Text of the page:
Exeter Cathedral, Thursday 19 November 2009, 7.30pm
One of Bach’s greatest works – imbued with a sense of solid and unshakable faith, at the same time the Mass exudes joy and energy.
Source: Margaret Craigie Smith
From the start this was a cohesive, well-rounded performance in Exeter Cathedral, directed by Nigel Perrin, currently celebrating his 10th year with the Exeter Festival Chorus, and with the baroque orchestra Music for Awhile being led by Margaret Faultless. Both Chorus and Orchestra skilfully conveyed the differing moods of the work.
The soloists who each sang with such brightness, precision and purity were Nicki Kennedy, soprano; David Webb, tenor and a former Head Chorister at the Cathedral; William Purefoy, a counter-tenor with an exceptionally thrilling voice; Darren Jeffery, bass-baritone.
Nigel Perrin’s direction brought a performance which kept a delicate balance between authentic small-scale and the full grandeur of the work, contrasting, for example, the darkness of Crucifixus with Et resurrexit powerfully bursting forth. The measured pace of the final Dona nobis pacem added to the impressive nature of that item. Other details which pleased were the contemplative nature of Et incarnatus est with the original instruments of the orchestra adding to the intimacy of the work.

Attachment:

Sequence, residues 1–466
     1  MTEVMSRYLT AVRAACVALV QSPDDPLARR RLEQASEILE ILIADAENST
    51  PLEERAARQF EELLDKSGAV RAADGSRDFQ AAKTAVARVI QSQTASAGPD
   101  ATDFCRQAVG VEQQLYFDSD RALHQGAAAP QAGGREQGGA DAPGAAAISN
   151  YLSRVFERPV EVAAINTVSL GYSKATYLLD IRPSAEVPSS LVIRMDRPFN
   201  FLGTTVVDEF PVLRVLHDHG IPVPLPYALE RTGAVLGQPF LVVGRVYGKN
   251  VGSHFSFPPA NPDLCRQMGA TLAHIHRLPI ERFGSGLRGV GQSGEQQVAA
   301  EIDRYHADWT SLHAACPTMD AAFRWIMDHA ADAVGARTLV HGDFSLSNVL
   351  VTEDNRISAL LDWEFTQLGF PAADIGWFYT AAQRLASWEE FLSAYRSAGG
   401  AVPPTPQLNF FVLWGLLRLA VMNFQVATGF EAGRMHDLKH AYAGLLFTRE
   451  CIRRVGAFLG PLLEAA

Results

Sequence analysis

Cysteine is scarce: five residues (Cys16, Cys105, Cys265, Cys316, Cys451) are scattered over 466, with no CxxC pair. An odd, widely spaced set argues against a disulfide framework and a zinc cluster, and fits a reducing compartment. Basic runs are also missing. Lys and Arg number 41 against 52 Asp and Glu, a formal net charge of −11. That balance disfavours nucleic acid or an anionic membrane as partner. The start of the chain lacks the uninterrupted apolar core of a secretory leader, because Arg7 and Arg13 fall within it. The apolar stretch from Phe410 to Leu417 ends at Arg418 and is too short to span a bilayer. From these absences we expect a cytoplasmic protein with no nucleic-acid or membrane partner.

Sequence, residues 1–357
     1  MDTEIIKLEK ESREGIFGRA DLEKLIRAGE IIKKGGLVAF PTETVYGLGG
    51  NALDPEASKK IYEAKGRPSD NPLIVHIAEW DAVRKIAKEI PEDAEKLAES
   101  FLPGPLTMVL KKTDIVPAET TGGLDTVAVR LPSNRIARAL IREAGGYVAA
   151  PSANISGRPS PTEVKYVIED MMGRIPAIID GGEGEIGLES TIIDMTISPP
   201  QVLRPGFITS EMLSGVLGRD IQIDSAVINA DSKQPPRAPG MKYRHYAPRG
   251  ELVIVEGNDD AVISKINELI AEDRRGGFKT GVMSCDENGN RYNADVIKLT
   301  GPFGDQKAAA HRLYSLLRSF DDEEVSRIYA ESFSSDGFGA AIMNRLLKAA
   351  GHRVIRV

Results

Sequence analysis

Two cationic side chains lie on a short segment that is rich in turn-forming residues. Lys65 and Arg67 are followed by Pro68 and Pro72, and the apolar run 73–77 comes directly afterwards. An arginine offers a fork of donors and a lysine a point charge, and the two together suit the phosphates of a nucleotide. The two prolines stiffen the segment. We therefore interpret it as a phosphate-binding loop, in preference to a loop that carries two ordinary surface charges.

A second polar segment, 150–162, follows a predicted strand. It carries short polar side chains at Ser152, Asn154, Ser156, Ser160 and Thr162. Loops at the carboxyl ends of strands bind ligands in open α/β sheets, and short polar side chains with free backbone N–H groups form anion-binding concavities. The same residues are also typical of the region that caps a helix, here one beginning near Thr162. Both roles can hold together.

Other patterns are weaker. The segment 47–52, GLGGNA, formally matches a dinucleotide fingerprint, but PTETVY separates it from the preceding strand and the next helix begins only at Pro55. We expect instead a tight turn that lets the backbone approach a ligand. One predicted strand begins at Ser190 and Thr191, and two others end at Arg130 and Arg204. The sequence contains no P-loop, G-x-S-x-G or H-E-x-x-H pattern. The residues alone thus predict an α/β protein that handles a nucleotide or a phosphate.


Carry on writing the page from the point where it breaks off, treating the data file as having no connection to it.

Source: Extracts from a review by Peter Raby
"From behind the orchestra I had a players' eye view of the conductor. Nigel Perrin has developed the Exeter Festival Chorus for ten years and clearly lives the music. It was a delight to watch his arm and hand movements as he composed a ballet in the air, painting the images he held in his mind for the players to see."
"Then came perhaps the most inspiring of all the parts of this long work. The ‘Sanctus’ rang out like the tolling of a great bell. I could hear the reverberations and harmonic vibrations of the bell and my soul was lifted. Here is the sublime inspiration which transcends human foibles …… and puts us so near the angels."
"The choir proclaimed strong ‘Hosannas’ with all the soloists and then the refreshing clarity of the flute washed our souls with a ‘Benedictus’ in company with the tenor."
"How fortunate we are to live in lovely Devon and to have the occasional uplifting experience like this."